Nicky Morgan
Education secretary Nicky Morgan wants schools to teach a "curriculum for life" (Getty)

Schoolchildren should be taught about modern issues like "sexting" and revenge porn as part of a so-called "curriculum for life", according to Nicky Morgan.

The education secretary warned that students need more help from schools to deal with modern issues, which arise from new technologies and the internet.

The senior Tory cited research from children's charity the NSPCC, which found that 60% of teenagers have been asked for sexual images or videos online.

"Let's be clear that the internet and the advance of the digital age are things to celebrate and embrace, but let us not deny that they bring new pressures that require new responses too," Morgan said.

The education secretary also reiterated her call to teach "British values" in schools to combat extremism.

"Who truly can object to our schools being required to promote the very values that everyone in this room holds dear? Democracy. The rule of law. Individual liberty. Tolerance of and respect for those with different faiths and beliefs," she said.

"I am clear that schools have a critical role to play in turning out rounded, resilient young people that can face the challenges of the modern world with confidence."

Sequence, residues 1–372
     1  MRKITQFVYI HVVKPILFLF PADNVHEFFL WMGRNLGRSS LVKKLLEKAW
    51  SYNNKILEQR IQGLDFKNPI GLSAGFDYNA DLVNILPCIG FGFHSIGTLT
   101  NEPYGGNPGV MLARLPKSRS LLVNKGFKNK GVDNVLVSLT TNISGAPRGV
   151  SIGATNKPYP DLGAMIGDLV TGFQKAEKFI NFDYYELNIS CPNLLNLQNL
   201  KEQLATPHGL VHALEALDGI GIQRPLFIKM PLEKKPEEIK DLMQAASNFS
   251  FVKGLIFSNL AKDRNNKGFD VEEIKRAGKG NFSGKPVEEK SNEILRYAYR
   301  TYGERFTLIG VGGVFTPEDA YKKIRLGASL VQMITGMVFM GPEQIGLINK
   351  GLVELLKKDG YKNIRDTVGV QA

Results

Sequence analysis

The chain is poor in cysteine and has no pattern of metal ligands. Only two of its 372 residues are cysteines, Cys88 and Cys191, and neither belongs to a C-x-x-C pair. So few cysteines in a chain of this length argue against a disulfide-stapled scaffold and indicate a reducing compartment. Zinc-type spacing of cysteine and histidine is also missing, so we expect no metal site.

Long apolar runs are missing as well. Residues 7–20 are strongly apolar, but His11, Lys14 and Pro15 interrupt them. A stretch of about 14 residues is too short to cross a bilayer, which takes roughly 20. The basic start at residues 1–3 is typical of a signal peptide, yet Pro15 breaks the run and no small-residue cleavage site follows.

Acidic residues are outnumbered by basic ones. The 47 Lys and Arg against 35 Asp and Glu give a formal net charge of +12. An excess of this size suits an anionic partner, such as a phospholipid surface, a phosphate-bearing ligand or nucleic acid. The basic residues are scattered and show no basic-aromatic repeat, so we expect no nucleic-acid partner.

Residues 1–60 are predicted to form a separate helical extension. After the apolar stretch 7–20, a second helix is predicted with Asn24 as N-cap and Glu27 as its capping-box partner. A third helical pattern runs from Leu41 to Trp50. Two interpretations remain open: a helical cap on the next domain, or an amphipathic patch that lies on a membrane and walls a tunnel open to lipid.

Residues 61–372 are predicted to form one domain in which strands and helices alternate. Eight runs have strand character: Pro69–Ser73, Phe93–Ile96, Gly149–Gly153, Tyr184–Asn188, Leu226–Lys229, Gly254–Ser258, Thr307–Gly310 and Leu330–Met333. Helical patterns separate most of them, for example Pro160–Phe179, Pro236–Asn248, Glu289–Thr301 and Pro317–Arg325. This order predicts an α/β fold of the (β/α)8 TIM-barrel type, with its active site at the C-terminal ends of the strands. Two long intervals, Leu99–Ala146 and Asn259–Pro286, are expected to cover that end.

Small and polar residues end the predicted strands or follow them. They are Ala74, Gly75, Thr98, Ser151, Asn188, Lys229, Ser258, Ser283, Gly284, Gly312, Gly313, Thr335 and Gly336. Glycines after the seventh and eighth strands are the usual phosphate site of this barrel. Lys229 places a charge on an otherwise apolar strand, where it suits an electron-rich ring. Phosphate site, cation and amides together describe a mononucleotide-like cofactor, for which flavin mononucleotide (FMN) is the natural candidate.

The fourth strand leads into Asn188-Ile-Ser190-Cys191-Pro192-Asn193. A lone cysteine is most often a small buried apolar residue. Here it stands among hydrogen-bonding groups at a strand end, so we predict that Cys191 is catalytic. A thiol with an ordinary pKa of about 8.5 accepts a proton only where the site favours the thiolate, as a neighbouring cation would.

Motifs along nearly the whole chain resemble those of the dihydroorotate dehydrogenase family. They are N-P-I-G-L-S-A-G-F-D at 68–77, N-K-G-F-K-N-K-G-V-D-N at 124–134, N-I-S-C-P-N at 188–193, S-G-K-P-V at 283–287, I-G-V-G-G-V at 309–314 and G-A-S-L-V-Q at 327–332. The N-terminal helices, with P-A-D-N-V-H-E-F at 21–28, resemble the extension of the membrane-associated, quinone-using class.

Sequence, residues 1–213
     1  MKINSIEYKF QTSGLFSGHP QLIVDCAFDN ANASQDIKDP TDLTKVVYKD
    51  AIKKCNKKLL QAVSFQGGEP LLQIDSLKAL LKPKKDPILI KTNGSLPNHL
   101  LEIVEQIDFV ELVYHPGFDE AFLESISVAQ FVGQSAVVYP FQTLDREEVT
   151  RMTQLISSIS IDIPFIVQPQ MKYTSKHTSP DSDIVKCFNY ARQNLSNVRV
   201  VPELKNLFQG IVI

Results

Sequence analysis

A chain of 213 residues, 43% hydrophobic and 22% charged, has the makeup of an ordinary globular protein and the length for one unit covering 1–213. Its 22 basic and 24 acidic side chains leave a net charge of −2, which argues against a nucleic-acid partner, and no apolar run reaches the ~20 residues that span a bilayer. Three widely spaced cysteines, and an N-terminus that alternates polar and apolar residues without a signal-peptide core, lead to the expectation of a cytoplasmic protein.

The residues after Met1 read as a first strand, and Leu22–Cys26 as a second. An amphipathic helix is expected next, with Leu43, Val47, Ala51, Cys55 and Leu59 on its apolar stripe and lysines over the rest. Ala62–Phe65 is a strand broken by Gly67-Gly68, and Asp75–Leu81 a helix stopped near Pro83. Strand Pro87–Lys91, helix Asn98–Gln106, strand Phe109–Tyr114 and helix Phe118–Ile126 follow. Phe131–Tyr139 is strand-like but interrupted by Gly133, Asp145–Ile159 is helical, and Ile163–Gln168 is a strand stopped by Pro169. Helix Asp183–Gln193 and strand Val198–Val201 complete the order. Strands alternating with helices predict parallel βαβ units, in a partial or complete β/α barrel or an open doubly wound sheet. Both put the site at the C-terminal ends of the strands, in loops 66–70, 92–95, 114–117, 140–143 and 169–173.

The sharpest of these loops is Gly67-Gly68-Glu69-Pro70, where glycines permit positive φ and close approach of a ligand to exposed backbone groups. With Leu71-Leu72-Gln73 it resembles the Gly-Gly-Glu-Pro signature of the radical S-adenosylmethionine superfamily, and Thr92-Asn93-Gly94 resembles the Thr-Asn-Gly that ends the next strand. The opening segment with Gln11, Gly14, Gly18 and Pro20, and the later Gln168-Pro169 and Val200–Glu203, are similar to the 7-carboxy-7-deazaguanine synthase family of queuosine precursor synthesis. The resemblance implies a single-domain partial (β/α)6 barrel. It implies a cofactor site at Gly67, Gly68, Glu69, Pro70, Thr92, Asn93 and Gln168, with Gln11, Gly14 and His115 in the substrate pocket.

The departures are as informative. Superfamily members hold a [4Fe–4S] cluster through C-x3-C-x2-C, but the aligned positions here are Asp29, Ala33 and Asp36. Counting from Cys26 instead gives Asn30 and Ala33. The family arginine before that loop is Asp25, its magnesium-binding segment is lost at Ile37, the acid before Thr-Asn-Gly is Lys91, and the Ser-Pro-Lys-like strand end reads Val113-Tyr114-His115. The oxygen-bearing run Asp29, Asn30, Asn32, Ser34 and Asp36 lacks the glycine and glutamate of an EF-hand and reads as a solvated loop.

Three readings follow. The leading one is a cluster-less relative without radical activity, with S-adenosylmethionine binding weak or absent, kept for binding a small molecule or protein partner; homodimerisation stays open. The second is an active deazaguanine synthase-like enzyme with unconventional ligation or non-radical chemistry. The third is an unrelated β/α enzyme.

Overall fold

Morgan, speaking at a Bright Blue think tank event attended by IBTimes UK, also criticised politicians who opposed the idea of modernity and stressed that it was important that schoolchildren learnt about sex and healthy relationships in the classroom.

"I want more schools to put high-quality PSHE [personal, social, health and economic education] at the heart of their curriculum. It is an essential part of their responsibility to prepare young people for life in modern Britain," Morgan said.

The comments come after the families of three Bethnal Green Academy schoolgirls, who fled to Syria to join Islamic State (Isis), appeared before MPs in the House of Commons.

As part of the Home Affairs Committee session, Met assistant commissioner Mark Rowley said Shamima Begum (15), Amira Abada (15) and Kadiza Sultana (16) had stolen family jewellery to fund their flights to the Middle East.